Note by HealthWrights staff:

This article is noteworthy in two ways: One, despite being realistic about the dangers of climate change, is offers a guardedly optimistic assessment regarding the possibility of our coming to terms with this issue in a positive manner, and two, despite being realistic about how badly progressive efforts have fared during the last decades, it offers some down to earth strategy suggestions for turning this around. For all of us who struggle against despair, it may provide both hope and direction. Minimally it should open up some productive discussion on strategies for health during these dangerous times.

I am not an environmentalist. But all I think about these days is the
climate crisis.

I admit I have arrived late to the party. Only recently have I begun to
realize what  others have known for decades: The climate crisis is not, at
its core, an  environmental issue. In fact it is not an issue at all; it is
an existential threat to  every human and community on the planet. It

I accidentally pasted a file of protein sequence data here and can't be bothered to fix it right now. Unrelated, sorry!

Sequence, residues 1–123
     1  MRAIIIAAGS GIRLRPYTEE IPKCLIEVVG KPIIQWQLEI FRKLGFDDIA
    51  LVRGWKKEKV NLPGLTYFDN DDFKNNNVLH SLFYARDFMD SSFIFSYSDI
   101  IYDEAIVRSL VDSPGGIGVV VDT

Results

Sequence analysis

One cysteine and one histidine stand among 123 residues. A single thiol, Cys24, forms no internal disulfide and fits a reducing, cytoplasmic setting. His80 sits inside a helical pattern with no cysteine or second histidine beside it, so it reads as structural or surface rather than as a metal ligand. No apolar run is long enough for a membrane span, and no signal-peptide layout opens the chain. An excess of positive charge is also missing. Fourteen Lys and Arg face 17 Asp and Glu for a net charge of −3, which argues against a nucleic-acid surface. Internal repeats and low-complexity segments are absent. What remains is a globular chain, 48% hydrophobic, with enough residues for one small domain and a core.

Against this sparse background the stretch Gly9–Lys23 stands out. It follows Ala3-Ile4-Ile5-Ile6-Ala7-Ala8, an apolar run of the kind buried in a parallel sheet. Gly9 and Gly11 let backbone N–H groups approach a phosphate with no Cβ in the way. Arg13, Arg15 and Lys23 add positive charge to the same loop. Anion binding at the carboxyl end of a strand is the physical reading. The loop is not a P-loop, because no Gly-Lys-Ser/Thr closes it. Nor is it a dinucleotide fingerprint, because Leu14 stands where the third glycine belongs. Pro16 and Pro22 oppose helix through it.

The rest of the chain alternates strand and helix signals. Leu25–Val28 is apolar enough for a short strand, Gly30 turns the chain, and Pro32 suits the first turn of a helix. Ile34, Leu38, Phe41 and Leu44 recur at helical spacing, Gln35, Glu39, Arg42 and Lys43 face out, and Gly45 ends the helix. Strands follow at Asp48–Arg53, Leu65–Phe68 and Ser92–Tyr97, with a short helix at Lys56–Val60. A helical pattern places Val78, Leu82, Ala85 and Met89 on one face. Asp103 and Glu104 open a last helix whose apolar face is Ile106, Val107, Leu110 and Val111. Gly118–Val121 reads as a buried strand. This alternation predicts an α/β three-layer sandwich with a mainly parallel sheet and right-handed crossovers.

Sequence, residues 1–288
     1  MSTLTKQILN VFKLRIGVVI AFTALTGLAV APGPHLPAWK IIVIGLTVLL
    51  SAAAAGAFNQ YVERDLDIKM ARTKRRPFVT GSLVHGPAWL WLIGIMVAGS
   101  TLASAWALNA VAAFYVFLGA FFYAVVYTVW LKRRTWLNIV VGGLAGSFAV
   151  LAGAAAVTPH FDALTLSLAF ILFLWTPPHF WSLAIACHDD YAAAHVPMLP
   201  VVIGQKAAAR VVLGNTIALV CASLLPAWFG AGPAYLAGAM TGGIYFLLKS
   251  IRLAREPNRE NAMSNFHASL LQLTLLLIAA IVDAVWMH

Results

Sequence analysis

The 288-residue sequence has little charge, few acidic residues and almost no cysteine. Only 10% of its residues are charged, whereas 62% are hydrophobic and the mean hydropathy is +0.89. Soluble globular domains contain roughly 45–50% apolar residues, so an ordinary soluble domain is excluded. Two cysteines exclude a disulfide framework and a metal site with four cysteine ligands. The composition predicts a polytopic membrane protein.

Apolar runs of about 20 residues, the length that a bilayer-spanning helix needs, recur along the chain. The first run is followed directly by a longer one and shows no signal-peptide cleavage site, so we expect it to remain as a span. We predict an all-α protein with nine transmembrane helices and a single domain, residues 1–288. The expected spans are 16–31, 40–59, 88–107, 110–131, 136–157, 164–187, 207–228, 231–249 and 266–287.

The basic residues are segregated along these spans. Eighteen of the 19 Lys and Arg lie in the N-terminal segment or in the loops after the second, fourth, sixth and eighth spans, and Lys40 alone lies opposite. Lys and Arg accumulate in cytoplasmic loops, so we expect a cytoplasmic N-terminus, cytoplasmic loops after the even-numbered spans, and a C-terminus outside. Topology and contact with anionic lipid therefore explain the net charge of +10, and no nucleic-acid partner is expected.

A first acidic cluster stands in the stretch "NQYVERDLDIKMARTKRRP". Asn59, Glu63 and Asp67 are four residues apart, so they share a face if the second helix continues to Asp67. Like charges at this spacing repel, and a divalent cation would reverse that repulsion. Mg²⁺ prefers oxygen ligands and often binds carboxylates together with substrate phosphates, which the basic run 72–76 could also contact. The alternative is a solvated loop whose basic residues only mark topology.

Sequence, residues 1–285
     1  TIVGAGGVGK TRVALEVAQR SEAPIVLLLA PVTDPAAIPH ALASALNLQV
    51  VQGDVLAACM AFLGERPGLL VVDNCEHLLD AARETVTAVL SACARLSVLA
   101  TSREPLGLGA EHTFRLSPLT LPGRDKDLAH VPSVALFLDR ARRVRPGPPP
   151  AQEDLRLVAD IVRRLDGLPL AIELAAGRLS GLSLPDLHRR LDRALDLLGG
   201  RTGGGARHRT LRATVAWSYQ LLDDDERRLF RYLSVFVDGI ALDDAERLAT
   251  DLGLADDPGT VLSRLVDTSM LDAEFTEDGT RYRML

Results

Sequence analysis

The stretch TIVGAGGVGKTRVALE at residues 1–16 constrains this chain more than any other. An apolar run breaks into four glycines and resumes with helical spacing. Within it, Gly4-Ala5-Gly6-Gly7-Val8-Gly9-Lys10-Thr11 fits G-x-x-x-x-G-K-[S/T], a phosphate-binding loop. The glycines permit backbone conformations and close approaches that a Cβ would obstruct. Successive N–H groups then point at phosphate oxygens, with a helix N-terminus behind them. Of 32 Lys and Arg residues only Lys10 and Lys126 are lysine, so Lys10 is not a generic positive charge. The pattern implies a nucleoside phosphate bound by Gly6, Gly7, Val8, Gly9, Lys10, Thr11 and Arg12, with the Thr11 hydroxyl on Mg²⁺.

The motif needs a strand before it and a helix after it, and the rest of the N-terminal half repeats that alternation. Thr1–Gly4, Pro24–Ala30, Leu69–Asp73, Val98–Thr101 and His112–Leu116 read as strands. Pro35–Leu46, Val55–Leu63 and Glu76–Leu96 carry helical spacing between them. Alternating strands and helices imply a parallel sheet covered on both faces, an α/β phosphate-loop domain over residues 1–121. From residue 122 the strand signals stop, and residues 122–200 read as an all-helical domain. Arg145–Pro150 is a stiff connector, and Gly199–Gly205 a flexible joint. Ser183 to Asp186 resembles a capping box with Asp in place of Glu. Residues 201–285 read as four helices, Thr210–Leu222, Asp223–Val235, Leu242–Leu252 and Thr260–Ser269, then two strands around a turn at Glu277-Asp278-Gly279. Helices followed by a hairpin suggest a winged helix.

threatens every job, every economy in  the world. It threatens the health
of our children. It threatens our food and water  supply. Climate change
will continue to alter the world our species has known for the  past three
thousand years.

As an oyster farmer and longtime political activist, the effects of climate
change on  my life will be neither distant nor impersonal. Rising
greenhouse gases and ocean  temperatures may well force me to abandon my
60-acre farm within the next forty  years. From France to Washington state,
oystermen are already seeing massive die-offs of seed oysters and the
thinning shells science has long predicted. I can see the  storm clouds and
they are foretelling doom.

But my political alter ego is oddly less pessimistic. Rather than